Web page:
Monday, December 21, 2009

Bittersweet: genes for taste

The bitter taster gene, I hadn't known that it is stronger in some groups. How does it fit with increased eating of mint/mustard? Cooking? Adding salt? Alcohol? Fermented milk vs fresh milk - lactase persistence? PTC/PROP? Malaria?

Some Neandertals and some humans lack it, some have multiple copies.

New research suggests that Africans have more sensitive palates than Europeans and Asians - at least for bitter tastes. A survey of numerous African populations in Kenya and Cameroon found a striking amount of diversity in a gene responsible for sensing bitter tastes. "If they have more genetic diversity, there's more variation in their ability to taste," says Sarah Tishkoff, a geneticist at the University of Pennsylvania in Philadelphia, who presented the findings at a recent conference. Europeans and Asians typically have only one of two forms of a gene called TAS2R38, which detects a bitter-tasting compound called PTC and similar chemicals in vegetables such as broccoli and Brussels sprouts. The gene makes the difference between people tasting a weak dilution of the compound or not, with little nuance in between.

However, the compounds that cause bitter tastes can be thyroid-damaging, notes Paul Breslin, a neuroscientist at Monell Chemical Senses Center in Philadelphia. If you have a healthy thyroid you want to eat these things because they're packed with vitamins, he says. [Cooking?]

Seafood benefits : A diet high in iodine - common in coastal-dwelling people - protects against such thyroid damage, but, iodine intake typically drops off the further people live from the ocean. So bitter-sensitive genes could help these people avoid toxic veggies, Breslin speculates. Tishkoff wonders why, then, Europeans lost some the ability to sense bitterness. Different diets and evolutionary forces offer one explanation, she says. Their lack of bitter taste diversity could also be due to a paucity of genetic variation in the small number of African migrants that became ancestors to the Europeans. In general, sub-Saharan Africans boast more genetic diversity than people native to Europe and other continents.

Avoiding potentially toxic plants might not be the only reason for diversity in bitter taste genes, says Theodore Schurr, an anthropologist at the University of Pennsylvania, who was not involved in the study. His team found lots of variation in bitter taste genes in a Siberian population that has historically eaten few vegetables.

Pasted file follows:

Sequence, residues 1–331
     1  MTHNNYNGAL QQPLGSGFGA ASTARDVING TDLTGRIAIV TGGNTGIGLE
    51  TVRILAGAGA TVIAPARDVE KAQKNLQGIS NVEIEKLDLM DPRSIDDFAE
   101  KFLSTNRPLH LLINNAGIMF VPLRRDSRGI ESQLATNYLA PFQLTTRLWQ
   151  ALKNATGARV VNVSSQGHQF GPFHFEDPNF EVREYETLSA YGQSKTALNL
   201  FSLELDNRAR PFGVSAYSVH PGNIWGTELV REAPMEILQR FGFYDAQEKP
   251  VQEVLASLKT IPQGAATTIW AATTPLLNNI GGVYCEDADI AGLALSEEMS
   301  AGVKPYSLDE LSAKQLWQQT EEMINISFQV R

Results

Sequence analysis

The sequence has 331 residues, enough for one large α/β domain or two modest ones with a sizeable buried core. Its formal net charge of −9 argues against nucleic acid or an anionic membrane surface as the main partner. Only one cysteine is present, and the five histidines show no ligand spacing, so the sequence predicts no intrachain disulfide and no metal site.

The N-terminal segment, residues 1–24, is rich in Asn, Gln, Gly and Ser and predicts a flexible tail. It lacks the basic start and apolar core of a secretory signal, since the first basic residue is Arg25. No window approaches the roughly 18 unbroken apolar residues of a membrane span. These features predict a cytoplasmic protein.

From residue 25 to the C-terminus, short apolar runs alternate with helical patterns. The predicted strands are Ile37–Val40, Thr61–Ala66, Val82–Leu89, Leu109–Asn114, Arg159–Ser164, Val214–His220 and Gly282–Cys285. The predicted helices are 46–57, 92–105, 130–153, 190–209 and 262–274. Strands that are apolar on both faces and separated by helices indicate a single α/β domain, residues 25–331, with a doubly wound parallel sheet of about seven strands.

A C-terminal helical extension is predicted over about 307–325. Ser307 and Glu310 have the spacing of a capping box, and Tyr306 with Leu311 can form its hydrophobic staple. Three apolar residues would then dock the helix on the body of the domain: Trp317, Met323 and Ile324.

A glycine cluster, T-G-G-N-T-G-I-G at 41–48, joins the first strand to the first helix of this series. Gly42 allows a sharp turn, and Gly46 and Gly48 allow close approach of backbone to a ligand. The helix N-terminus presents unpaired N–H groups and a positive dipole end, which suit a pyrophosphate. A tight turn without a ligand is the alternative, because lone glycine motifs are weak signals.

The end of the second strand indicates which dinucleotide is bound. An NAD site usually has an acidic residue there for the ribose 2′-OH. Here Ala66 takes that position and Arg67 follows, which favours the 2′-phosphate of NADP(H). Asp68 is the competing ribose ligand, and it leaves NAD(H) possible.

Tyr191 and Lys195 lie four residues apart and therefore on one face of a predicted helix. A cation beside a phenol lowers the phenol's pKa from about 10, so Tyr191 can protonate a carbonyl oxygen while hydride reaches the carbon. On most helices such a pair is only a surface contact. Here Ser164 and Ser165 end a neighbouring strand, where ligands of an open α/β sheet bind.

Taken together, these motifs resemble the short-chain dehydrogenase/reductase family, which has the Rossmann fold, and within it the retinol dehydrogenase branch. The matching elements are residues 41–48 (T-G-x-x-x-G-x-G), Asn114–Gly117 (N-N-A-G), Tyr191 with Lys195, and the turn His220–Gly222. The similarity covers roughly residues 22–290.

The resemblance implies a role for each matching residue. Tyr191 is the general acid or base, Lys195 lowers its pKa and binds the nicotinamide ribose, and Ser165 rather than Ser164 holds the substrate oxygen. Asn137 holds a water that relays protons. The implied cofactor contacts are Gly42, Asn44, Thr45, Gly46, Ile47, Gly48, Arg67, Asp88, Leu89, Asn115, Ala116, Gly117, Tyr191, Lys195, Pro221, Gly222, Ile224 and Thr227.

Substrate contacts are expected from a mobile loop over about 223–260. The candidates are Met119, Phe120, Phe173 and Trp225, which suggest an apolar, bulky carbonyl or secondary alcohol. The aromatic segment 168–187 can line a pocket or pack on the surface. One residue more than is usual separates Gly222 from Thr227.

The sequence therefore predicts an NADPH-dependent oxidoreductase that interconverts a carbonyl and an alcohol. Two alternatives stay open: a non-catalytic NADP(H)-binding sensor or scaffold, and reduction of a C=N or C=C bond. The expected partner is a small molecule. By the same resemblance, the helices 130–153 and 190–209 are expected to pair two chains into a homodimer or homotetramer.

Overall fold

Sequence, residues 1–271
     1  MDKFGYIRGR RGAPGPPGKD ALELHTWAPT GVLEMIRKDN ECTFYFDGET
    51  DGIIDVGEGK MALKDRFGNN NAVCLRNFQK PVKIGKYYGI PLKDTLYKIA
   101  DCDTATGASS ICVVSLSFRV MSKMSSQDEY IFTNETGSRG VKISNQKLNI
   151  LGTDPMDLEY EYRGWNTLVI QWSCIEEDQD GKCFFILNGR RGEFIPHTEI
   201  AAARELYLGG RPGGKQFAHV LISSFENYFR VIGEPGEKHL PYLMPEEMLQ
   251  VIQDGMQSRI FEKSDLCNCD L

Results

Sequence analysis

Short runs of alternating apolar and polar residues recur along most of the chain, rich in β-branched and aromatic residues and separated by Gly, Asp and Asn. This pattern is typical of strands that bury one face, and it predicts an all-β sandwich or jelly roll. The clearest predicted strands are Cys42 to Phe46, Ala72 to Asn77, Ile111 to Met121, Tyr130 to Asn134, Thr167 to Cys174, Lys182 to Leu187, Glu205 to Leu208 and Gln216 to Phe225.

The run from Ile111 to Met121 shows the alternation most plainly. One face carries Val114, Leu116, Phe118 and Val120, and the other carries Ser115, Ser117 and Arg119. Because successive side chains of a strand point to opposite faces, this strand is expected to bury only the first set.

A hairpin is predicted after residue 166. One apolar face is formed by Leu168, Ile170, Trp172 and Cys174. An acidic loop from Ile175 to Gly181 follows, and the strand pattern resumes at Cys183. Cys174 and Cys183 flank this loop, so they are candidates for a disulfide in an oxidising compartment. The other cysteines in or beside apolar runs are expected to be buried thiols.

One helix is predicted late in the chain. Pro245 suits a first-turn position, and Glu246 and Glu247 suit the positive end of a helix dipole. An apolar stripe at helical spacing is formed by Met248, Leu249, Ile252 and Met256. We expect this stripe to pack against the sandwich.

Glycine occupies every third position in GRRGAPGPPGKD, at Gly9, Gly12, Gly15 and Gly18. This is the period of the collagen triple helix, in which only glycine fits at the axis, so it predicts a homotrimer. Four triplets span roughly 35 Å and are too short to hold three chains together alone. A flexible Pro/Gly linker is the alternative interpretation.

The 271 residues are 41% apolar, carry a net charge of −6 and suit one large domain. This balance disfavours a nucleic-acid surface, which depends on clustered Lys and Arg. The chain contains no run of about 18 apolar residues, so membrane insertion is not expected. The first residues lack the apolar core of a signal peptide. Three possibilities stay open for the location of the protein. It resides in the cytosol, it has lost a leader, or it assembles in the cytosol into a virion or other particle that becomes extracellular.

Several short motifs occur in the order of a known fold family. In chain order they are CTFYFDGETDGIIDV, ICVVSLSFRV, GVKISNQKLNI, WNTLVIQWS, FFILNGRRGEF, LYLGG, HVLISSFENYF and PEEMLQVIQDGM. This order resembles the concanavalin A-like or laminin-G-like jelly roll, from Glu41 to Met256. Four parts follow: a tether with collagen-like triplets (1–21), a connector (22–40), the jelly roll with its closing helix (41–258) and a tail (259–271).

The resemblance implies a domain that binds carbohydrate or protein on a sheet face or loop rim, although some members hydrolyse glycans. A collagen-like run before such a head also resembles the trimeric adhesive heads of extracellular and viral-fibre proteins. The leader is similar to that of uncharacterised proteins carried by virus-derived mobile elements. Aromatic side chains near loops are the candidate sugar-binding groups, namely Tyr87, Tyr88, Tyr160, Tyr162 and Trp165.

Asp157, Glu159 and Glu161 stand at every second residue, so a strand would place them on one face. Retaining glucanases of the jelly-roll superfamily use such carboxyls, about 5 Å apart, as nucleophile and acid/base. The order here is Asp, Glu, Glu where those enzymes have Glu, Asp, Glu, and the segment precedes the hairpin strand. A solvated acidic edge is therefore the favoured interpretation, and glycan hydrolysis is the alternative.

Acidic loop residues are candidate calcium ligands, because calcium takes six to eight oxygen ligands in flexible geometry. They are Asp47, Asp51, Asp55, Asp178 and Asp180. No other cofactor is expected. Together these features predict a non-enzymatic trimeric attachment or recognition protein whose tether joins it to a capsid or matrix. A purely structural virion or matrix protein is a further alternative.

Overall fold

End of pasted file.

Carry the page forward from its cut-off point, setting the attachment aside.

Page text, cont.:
People with a gene variation that dulls their taste buds to bitter flavours drink twice as much alcohol as those with more sensitive palates, suggests a US study. The bitter chemical 6-n-propylthiouracil (PROP) is often used in taste tests and in 2003 a gene influencing the sensitivity to PROP was discovered. The gene, TAS2R38, codes for a taste bud receptor and has several natural variations.

TAS2R38. About half of the world's population have at least one copy of the low-sensitivity variant AVI, he says.

A new study of ancient DNA offers preliminary support for that conclusion. Neanderthals possessed a gene mutation that would have meant they couldn't taste bitter chemicals found in many plants. There has been speculation that this mutation, which occurs in a taste receptor gene called TAS2R38, is beneficial to humans because it makes vitamin-packed vegetables more palatable. It probably arose in the common ancestor of modern humans and Neanderthals more than a million years ago. The gene encodes a receptor that detects a chemical called phenylthiocarbamide, which is closely related to compounds produced by broccoli, cabbage and Brussels sprouts.
He and colleague Erik Trinkaus at Washington University in St Louis, Missouri, compiled chemical measurements taken from bone collagen protein belonging to 13 Neanderthals and 13 modern humans, all recovered in Europe. They also added data collected from a 40,000-year-old human recovered in Romania's Oase cave.

Because our bones are constantly destroyed and rebuilt while we are alive, the atoms that make up collagen hold a record of what we've eaten. "When you take a sample of a bone you're getting all those breakfasts, lunches and dinners for 20 years," Richards says.
Telltale atoms

Measurements of the abundance of heavy isotopes of carbon and nitrogen hold the key. Marine environments contain a higher proportion of heavy carbon atoms (carbon-13) than land ecosystems, so lots of carbon-13 in the recovered collagen points to a seafood diet. Meanwhile, heavy nitrogen (nitrogen-15) tends to build up as the atom moves up the food chain, from plants to herbivores to carnivores.

High levels of heavy nitrogen can also come from a diet with lots of freshwater fish. Aquatic food webs tend to contain more steps than terrestrial ecosystems, so large fish often have higher levels of heavy nitrogen than land predators.
A very unusual mammal: the short tailed shrew, echolocates, clicks, venomous, cannibalistic...